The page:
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Many different tribes and ethnic groups are mentioned in the Tipiṭaka. One of these is the Yonā. In his dialogue with the caste-conscious brahman Assalāyana, the Buddha argues that caste must be a social phenomena rather than a divinely ordained reality because amongst the Yonā there are only two groups, freemen and slaves, and having been a master one could become a slave and visa versa (M.II,149). The name Yona is derived from Ionia, the ancient name for Greece, or more accurately, the Greek states and people of costal Anatolia. When they were conquered by and absorbed into to Achaemenid Empire they were able to travel throughout the empire as far as its eastern borders. And the eastern border of course was far away as the western edge of India. So when Alexander got to Taxila for example, a delegation of Greek merchants came out of the city to meet him. One of King Aśoka's edicts mentions Ionas as a people on the frontier of his empire and one of his edicts is actually written in Greek. The famous gold coin of Kaniska (120 CE ?) had an image of the Buddha on it with his name (BODDO) written in Greek.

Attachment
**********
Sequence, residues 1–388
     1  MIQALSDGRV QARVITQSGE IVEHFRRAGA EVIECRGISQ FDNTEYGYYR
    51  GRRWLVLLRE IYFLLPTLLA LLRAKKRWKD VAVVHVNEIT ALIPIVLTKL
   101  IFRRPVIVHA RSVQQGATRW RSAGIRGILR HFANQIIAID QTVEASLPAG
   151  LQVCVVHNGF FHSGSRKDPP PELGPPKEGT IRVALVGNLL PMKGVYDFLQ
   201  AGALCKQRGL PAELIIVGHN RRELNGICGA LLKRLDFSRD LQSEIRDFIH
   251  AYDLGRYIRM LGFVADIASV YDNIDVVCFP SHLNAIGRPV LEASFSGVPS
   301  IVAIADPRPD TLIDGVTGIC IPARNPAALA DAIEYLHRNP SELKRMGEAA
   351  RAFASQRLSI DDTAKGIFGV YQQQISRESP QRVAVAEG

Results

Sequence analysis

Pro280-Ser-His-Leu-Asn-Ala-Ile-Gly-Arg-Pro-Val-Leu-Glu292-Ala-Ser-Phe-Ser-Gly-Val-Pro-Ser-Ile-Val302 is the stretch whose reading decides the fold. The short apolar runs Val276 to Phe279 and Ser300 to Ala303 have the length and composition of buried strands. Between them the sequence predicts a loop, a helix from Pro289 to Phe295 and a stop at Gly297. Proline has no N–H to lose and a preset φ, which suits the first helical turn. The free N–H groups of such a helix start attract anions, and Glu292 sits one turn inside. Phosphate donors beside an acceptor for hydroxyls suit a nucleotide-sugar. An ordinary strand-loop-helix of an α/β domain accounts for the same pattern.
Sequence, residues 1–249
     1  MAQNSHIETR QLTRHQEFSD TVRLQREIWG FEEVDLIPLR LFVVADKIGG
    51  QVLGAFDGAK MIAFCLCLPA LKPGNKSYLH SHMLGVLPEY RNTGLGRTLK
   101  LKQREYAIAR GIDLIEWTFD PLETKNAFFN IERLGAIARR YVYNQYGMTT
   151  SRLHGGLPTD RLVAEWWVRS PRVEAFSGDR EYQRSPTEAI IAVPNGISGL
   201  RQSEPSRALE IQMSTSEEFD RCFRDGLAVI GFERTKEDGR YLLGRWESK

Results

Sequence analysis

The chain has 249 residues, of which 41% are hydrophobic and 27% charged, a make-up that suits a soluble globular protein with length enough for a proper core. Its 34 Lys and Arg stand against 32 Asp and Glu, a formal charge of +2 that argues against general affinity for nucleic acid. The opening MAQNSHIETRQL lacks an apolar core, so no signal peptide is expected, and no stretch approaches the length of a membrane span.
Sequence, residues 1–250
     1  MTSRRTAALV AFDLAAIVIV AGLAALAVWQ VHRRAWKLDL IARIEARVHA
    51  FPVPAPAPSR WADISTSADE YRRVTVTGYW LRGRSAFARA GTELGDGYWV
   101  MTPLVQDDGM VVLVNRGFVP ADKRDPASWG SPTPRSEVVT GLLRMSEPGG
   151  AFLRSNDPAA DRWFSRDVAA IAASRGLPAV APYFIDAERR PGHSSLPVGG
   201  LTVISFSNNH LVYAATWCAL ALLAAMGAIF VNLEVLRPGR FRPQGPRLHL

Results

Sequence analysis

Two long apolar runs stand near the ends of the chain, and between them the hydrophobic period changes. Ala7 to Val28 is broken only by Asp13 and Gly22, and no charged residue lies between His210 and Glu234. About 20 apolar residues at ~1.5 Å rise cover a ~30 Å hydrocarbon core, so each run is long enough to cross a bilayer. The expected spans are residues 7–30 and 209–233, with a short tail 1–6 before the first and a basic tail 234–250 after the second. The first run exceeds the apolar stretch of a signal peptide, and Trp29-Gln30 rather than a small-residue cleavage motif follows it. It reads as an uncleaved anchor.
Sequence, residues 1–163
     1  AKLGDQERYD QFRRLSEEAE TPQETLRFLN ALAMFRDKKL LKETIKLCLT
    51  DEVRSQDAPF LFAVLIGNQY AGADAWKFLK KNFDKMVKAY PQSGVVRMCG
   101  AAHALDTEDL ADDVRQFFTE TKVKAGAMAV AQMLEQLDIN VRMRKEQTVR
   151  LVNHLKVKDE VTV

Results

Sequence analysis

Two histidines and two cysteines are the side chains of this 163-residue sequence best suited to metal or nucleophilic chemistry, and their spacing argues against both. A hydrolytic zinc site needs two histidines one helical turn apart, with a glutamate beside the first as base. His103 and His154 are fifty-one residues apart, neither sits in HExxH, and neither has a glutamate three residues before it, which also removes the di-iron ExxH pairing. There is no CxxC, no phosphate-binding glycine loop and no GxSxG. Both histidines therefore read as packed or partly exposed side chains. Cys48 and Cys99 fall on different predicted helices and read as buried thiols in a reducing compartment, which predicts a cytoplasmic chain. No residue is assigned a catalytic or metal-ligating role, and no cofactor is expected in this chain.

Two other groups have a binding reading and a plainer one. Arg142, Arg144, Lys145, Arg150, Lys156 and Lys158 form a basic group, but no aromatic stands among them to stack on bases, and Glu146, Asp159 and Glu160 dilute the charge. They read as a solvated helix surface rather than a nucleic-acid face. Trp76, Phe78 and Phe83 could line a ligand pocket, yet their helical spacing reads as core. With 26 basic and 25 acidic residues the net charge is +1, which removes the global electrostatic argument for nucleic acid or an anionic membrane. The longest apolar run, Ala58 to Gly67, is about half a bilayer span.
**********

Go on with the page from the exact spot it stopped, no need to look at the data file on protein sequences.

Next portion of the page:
It is unlikely that the Buddha or any Indians in the area where he lived had ever seen a Greek, but the lone reference to them in the Tipiṭaka shows that a few scraps of information about them had spread east. Interestingly, the Aṅguttara Nikāya commentary mentions that the Sākyans, the Buddha's tribe, had Yonā statues holding lamps. After Alexander's conquests large numbers of Greeks migrated to India (modern Afghanistan and northern Pakistan) and went on to have some influence on Indian culture.